Lincoln’s sparrow: Small, with a very pointy bill. Breast with fine, dark streaks on an orange-tan background.

Song sparrow: A bit larger, with a broader, more triangular bill. Breast with wider streaks on a white background.

White-crowned sparrow: One of our largest sparrows, with a yellow or orange bill. Breast solid gray, without streaks or spots. Adults have black-and-white stripes on their heads. Immatures have chestnut-brown stripes instead.

American tree sparrow: Breast grayish like a white-crowned sparrow, but with a dark central spot. Upper part of the bill gray, lower part yellow. Chestnut-striped head.

A closer view of an American tree sparrow.
A closer view of an American tree sparrow.

The sparrows kept appearing. There seemed to be dozens, maybe more. After all, we only had four sets of eyes, and there were thousands of kochia plants where sparrows could hide. Maybe there were 50 sparrows in here today, maybe more. 

At one point, we saw five song sparrows perching together. Others made unidentifiable lispy calls nearby. And each time a bird popped into view, we had to check to see if it was something new. 

“There’s so many species in these little groups that, positionally, you can’t say what’s what,” Scot remarked.

Watching for rarities and other surprises

A white-throated sparrow, seen at Sevenmile Creek during fall migration in September 2017.
A white-throated sparrow, seen at Sevenmile Creek during fall migration in September 2017.

Earlier, Shawn had posed the important question of what other species we might hope to see here. And so it was that we kept our eyes open for the rarer possibilities, as well. We watched for Harris’s sparrows, with their massive pink bills. White-throated sparrows, with a prominent yellow spot in front of their eye. Swamp sparrows, like a rarer version of a Lincoln’s sparrow and without strong breast streaks. Fox sparrows, resembling the song sparrow but with their breast streaks made up of reddish rows of vees.

The sharp-shinned hawk.
The sharp-shinned hawk. Photo courtesy of Lea Frye, Lea.F Images.

We kept our eyes peeled, but none of these rarities materialized. Suddenly, Scot noticed something unusual. It fell out of the sky in the gray blink of an eye, disappearing among the kochia. Or had Scot only imagined it? We waited. Nothing seemed to have changed. The sparrows kept perching and calling. Snow dripped slowly from the kochia. 

And then, minutes later, we saw it well. A sharp-shinned hawk, petite and ferocious. It leapt up from the kochia, disturbed from its attempt at ambushing the sparrows. There it perched in the chokecherries, a tiny predator, intent on a sparrow lunch. 

Here was the food web, right in front of our eyes. From kochia seed to sparrow crop to a sharp-shinned hawk’s lunch. The last link in this chain was delayed, for a time. But here or in the next kochia stand along the route of its migration, the sharp-shinned hawk would surely try again.

Kochia, the hated weed

To most people, kochia is a weed. Native to Asia and eastern Europe, it’s an annual that has an amazing propensity to thrive along roadsides and in the disturbed soil of crop fields. People spray herbicides so often to control it that kochia has become resistant to several of them. As an annual, kochia’s strategy is to grow fast, produce a cornucopia of seeds, and then get out. Here at Sevenmile Creek, kochia has benefited from soil disturbance by excavators during stream restoration work. This patch of weeds is a short-lived phenomenon. In a few years, perennials like smooth brome (Bromus inermis) will outcompete it.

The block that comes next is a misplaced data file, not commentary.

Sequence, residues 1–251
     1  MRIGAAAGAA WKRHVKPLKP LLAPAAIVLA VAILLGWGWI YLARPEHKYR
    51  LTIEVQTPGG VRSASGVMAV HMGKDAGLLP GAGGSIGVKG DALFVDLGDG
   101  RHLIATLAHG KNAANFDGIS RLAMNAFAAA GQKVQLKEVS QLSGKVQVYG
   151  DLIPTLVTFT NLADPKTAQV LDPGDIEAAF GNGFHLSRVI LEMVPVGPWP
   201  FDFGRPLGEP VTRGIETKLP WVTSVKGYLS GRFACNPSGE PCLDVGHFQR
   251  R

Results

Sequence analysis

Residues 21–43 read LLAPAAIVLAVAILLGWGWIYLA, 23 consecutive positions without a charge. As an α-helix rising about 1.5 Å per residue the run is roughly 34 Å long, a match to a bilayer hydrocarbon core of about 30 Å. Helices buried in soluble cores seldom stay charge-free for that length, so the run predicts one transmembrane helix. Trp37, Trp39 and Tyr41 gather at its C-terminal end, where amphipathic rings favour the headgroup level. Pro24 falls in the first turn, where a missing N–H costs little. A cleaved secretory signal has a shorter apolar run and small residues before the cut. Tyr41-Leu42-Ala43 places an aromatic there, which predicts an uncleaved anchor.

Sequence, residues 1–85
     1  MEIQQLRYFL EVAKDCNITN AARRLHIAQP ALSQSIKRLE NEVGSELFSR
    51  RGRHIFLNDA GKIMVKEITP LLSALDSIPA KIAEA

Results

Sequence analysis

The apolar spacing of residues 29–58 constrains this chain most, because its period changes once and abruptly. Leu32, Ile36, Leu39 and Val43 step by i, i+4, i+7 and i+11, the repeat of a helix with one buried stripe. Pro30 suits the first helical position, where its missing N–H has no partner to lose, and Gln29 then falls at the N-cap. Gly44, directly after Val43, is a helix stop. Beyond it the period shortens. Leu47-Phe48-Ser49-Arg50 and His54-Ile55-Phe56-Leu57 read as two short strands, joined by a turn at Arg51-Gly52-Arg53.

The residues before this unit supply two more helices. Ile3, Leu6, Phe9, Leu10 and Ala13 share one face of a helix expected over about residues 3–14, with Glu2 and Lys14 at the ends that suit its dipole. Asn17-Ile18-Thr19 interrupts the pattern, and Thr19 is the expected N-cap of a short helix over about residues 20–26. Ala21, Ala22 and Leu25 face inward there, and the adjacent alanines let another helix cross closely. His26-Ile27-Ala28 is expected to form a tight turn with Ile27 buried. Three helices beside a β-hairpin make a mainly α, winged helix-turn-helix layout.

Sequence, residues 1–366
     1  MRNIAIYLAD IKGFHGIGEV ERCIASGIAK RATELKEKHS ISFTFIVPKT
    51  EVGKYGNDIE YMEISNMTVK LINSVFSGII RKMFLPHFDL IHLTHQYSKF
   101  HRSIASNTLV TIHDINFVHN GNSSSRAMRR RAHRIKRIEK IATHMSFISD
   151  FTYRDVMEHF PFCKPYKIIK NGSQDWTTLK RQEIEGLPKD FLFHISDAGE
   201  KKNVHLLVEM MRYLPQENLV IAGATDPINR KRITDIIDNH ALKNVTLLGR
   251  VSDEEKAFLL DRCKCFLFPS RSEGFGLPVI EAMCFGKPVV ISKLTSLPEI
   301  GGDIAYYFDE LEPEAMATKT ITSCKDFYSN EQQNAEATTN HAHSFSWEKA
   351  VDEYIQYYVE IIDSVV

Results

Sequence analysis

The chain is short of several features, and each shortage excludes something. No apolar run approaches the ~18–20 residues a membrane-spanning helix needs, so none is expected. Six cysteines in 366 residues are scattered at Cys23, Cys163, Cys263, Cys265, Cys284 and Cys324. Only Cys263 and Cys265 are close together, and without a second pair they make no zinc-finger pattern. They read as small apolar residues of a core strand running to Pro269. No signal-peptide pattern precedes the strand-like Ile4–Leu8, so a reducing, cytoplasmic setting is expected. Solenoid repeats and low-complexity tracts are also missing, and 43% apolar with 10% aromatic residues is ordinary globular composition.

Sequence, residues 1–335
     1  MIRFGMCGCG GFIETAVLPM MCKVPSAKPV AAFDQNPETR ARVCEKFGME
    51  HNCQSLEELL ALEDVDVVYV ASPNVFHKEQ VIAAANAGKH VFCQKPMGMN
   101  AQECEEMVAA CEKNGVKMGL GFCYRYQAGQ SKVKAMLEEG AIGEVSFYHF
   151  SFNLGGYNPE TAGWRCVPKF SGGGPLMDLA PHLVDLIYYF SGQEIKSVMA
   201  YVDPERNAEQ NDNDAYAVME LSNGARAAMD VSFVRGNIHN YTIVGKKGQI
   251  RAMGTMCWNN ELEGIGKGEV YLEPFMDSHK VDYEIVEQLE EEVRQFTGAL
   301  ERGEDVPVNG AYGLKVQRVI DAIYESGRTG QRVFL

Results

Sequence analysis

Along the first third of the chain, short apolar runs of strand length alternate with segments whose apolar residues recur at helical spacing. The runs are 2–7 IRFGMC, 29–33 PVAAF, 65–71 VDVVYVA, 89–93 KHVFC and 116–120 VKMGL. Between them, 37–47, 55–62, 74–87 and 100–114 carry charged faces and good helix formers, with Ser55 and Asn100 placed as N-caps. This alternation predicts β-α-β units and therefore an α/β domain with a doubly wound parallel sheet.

Kochia, the sparrows’ food

A Lincoln's sparrow feeding in the kochia.
A Lincoln’s sparrow feeding in the kochia.

But to sparrows, the very traits that make kochia the bane of farmers make it a popular fall food source. It’s common and it thrives where few other plants manage to grow. It’s loaded with seeds. Its dense stands provide shelter from the weather and from predators.

So what does all of this mean? Is kochia good, or is it bad? As with all plants, it’s difficult to make such a simplistic value judgment. If you’re trying to grow wheat, kochia probably isn’t your favorite plant. But if you’re a sparrow looking for seeds at the tail end of fall migration, it might be just the ticket.

Kochia at Sevenmile Creek in late August: fall food for sparrows in the making. The common, gray-green vegetation is kochia; the dark red plant is a native annual, Chenopodium simplex.
Kochia at Sevenmile Creek in late August: fall food for sparrows in the making. The abundant, gray-green vegetation is kochia. The dark red plant is a native annual that also provides lots of seeds for fall sparrows: giant-seed goosefoot (Chenopodium simplex).

I probably wouldn’t recommend planting kochia in your yard for wildlife habitat. If you’re looking for seed-rich annuals that like disturbed soil, I’d recommend some of our native plants instead. Think of pit-seed goosefoot (Chenopodium berlandieri), giant-seed goosefoot (Chenopodium simplex), common sunflower (Helianthus annuus), and perhaps marsh elder (Iva xanthifolia). 

But if you find a thick patch of kochia in the fall, don’t just call it rude names. Grab your binoculars and take a slow walk through it. And let me know which sparrows you find.

Further Reading

Friesen, L.F., Beckie, H.J., Warwick, S.I., & Acker, R.C.V. (2009). The biology of Canadian weeds. 138. Kochia scoparia (L.) Schrad. Canadian Journal of Plant Science 89:141-167. Retrieved from https://cdnsciencepub.com/doi/pdf/10.4141/CJPS08057

2 Replies to “Kochia: what this despised weed does for fall sparrows”

  1. Nice write-up, Shane. You know how to tell a story about ecosystem services of an underappreciated group of plants (i.e., weeds). Keep up the great work! Matt